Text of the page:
A 77-year-old Chinese woman named Jin Guangying had lived with a headache for 64 years. After finally getting examined, she learned its source: There was a bullet in her head.
Back in 1943, she'd been shot by a Japanese patrol. She'd lost consciousness at the time, waking up with a bandage wrapped around her head and no clue that she'd been hit, much less that the bullet remained in her skull. Amazing, eh?
Call me a little demented, but this made me think of finances.
What's your bullet?
Most of us have undiagnosed problems with our money management style -- problems that can keep us from performing as well as we otherwise might. See if any of these ailments plague you:
Impatience. Look at how you trade stocks (or funds) within a few months or a year. Do you buy promising investments and aim to hang on for a long while, while they reach their potential and continue to achieve new heights? Or do you get tired of waiting for a pop in their price, selling them to buy something else that looks promising?
Superficiality. I've done this too many times. I'll read some great things about a company, and look into it a little before buying. I'll have seen some great numbers, such as a strong return on equity. But if I haven't looked at the big picture, I can end up blindsided. Perhaps those relatively hefty profit margins are currently falling. Perhaps inventory has been piling up. Perhaps the company owes its high return on equity to a pile of expensive debt. Heck, maybe there's a competitor around the corner with a more exciting alternative product!
- Overconfidence. True, many of us would do better managing our own money than letting some salesperson at a brokerage firm direct us in and out (and in and out and in and out) of various holdings. We'd certainly save a bundle in commission fees. But that doesn't necessarily mean we're better than the pros at studying and selecting the best stocks and funds. Do you really know your way around financial statements? Do you spend many hours each day reading up on and studying lots of companies? If not, you're probably at a disadvantage, especially compared with the best fund managers out there.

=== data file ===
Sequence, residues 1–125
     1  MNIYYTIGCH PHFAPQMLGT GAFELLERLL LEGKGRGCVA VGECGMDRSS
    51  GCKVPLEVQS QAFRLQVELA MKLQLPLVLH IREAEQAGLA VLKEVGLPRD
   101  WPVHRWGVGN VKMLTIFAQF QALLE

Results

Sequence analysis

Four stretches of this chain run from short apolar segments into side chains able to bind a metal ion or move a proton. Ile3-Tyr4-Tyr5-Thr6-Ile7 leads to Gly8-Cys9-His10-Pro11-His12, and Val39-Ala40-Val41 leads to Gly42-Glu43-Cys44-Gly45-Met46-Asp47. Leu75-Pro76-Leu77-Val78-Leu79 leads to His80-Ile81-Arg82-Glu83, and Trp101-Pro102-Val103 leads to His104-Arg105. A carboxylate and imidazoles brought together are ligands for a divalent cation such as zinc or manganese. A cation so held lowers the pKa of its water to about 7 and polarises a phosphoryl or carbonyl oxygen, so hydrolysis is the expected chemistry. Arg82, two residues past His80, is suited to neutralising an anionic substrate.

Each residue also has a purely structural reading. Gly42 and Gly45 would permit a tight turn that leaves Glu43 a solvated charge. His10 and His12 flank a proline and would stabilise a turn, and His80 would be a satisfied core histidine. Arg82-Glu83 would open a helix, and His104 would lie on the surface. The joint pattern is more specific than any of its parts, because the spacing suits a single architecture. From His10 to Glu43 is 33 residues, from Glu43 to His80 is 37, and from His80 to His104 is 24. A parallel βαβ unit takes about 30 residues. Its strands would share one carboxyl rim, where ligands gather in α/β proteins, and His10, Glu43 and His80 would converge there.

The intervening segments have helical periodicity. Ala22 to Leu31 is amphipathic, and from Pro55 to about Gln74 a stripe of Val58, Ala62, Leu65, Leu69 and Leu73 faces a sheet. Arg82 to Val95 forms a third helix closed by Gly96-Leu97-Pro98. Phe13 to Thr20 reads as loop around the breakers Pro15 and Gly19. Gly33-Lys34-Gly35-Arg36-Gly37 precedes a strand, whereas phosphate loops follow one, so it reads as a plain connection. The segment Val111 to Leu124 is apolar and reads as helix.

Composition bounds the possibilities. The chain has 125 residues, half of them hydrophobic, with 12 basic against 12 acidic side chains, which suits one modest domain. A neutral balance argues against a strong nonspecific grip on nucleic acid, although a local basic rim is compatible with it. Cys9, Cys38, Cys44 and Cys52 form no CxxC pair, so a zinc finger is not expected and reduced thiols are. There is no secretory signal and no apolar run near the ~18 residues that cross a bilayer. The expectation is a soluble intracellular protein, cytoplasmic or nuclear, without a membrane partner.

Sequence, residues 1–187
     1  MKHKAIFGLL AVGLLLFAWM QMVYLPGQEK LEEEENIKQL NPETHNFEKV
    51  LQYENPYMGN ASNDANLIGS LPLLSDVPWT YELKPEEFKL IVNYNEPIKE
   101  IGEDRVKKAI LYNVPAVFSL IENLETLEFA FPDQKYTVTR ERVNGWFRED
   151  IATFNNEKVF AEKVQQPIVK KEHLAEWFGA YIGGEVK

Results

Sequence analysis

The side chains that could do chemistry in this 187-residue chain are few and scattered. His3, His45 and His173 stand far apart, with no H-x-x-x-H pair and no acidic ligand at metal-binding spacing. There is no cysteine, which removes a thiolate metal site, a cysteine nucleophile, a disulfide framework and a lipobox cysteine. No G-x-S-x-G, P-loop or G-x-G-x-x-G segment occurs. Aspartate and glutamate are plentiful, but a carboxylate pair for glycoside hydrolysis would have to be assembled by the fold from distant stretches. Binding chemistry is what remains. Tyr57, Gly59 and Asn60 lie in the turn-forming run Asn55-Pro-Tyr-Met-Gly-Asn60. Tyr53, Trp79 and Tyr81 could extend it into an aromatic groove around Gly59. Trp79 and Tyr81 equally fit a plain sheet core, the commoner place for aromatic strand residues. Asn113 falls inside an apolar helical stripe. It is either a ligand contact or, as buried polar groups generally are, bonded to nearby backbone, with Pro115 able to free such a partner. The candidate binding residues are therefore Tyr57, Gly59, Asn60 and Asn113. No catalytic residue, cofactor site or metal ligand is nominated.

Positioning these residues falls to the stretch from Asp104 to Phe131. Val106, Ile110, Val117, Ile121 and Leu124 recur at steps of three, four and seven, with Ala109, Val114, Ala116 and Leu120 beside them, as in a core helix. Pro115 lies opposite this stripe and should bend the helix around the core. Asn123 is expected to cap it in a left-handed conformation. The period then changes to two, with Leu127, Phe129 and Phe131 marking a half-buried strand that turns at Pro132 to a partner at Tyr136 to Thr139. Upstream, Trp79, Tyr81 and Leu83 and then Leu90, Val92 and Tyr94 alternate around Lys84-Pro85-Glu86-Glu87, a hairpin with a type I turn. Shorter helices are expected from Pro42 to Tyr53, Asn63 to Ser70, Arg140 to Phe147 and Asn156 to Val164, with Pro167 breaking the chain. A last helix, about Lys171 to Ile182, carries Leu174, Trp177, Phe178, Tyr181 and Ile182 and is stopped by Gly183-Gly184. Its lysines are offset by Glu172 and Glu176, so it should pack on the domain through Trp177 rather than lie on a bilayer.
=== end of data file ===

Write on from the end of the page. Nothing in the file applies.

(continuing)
What to do
So what should you do? First, examine your own head to see what financial "bullets" may be lodged there. Then remove them.
If you find that you're impatient, apply more inactivity to your portfolio. (Within reason, of course. If a stock starts plunging, learn why, and consider selling if the long-term prognosis is bad.) If you're not good about digging deep into a prospective investment, well ... that's a reason to consider tapping the services of professionals. And if you're overconfident, dial that exuberance down a bit. We tend to remember our successes more, but our failures can teach us some valuable lessons.
I'm dealing with my own shortcomings by investing more and more in mutual funds. I still venture out into individual stocks I've selected on my own, but I'm entrusting some big chunks of my money to fund managers with sound principles, great track records, and promising futures.
For example, T. Rowe Price Media & Telecom (PRMTX) has racked up average annual gains of nearly 28% over the past five years and 19% over the past 10. Its top holdings recently included Rogers Communications
If you'd like to find some great funds tailor-made for your own portfolio, sign up for a free trial of our Motley Fool Champion Funds newsletter. Its picks are beating the market by some 14 percentage points, and last time I checked, none of them were underwater. A free trial will give you full access to all past issues, so you can read about each recommendation in detail.
Longtime Fool contributor Selena Maranjian owns shares of T. Rowe Price Media & Telecom and Dodge & Cox Stock. For more about Selena, viewher bio and her profile. The Motley Fool is Fools writing for Fools.
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